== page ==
Automating effort: Improving the efficiency of ports with computerised support

Port automation and the modernisation of freight handling capacity in Oman is keeping pace with large development projects at Duqm and Sohar. Improvements in operational performance are the essential incentive to automate port container terminals, making them more productive and allowing for increased quay use and yard densities that result in a better use of available space. Automation also makes it possible to reduce human intervention in industrial activities, resulting in the standardisation of performance and service levels, the elimination of uncertainty in response times, and increased safety and security for port personnel.

However, despite the clear benefits, automating a container terminal is an expensive proposition, requiring a large capital investment for acquiring solutions and for training human resources. Oman has streamlined costs in implementation by introducing automating technologies not as retrofit, but in greenfield developments at Sohar Port in Terminal C, and at Duqm, where port facilities remain under construction.


At a social level, the automation of container terminals in Oman has reduced direct human intervention in operations and will result in a loss of some employment opportunities for port employees or stevedores. However, sector managers also expect that employee numbers will remain fairly stable in an automated or semi-automated port, but that the workforce will transition to higher-skilled positions requiring a higher level of training. “The basic reaction of people to port automation is to consider the impact on employment, but in the end it is actually serving Omani objectives,” Reggy Vermeulen, Duqm Port Company’s CEO, told OBG. “If you have semi-automated terminals, instead of having truck drivers and crane operators, you have IT engineers and more qualified resources. There is a nearly 1:1 relationship. So, overall your terminal is much more efficient, you employ more skilled workers than unskilled workers, and the overall concept is beneficial,” he added.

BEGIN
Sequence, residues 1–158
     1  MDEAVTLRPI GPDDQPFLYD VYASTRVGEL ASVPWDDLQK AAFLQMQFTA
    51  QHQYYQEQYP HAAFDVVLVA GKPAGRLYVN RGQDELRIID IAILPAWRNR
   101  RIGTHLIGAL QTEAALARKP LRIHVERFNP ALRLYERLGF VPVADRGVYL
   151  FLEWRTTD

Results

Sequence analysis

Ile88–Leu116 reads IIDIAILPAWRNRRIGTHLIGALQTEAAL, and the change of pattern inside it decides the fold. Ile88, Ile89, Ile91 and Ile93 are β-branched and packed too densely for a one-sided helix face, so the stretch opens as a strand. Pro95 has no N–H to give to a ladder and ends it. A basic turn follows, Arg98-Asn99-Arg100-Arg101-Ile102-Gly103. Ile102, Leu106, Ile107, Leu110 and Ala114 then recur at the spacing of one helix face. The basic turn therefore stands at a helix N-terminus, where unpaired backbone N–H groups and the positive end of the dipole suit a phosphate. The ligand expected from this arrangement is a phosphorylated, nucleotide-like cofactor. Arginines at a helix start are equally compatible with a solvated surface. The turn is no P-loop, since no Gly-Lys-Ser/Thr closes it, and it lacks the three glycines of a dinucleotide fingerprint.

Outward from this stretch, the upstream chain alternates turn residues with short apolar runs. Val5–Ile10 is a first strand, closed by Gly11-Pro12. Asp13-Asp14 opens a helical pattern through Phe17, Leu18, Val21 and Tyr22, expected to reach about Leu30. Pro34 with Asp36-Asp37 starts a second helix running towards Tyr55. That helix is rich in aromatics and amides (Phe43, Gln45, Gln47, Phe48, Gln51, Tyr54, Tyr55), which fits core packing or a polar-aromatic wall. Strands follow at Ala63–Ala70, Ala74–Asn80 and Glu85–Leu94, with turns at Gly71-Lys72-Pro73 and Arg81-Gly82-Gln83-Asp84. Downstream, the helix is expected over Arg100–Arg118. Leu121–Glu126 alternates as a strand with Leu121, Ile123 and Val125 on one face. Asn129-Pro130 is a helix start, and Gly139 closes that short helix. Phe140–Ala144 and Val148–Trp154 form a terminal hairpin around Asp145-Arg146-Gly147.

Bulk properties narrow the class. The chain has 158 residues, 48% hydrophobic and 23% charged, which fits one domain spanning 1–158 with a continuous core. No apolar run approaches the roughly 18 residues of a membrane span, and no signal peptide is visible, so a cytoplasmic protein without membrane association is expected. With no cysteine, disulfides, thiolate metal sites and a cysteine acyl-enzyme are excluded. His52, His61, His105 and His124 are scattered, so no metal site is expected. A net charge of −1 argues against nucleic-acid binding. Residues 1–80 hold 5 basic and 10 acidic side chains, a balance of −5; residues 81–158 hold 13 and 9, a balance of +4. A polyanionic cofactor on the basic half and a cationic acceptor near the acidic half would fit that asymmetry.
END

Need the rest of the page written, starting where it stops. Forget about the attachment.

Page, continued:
One downside to automation of a terminal is the potential for a temporary drop in regular levels of operational performance and efficiency during instrumentation, when equipment is installed and control and supervision systems, data-gathering systems, and real-time software applications are brought on-line. When implementing commercial automation solutions it is thus important to consider the particular needs of the port in question with respect to the level of automation sought, and current level of development. In Oman, this varies significantly at different container terminals. With respect to the automation of information flows using interface, communications and information management software systems, every port in the sultanate relies on technologies and tools that can automate processes to a certain extent.

Automation At Sohar

As lines from Asia begin to make more direct calls to Sohar, and the size of the container vessels docking at the port continues to increase, modernisation and efficiency are being prioritised in development strategies. The completion of Terminal C at Oman International Container Terminal (OICT) June 2016 inaugurated a new operations control centre and advanced remote control crane centre. New technologies in both facilities are designed to expedite turnaround times through automated loading and unloading systems, which is an important consideration in light of record growth in container throughput at Sohar over the past two years.

The expansion and modernisation effort has equipped OICT to remotely operate four recently installed post-Panamax quayside cranes capable of handling more frequent direct calls from the largest vessels in the world, including the latest class of mega-container ships with capacity of 20,000 twenty-foot equivalent units (TEUs). In addition to greater efficiencies realised in automated loading and unloading systems, OICT has also introduced an automated truck appointment system aimed at reducing wait times and avoiding unnecessary fuel consumption. The new communications software schedules container truck arrival times at the terminal through direct contact with the truck operators and drivers.

The Port Management System is another recent development at OICT, providing an online platform that allows agents to access and share real-time information on cargo movements. The performance of these platforms, and the introduction of new technologies in the market, is expected to inform technology strategies in the construction of Terminal D at OICT, planned to begin as early as 2018/19.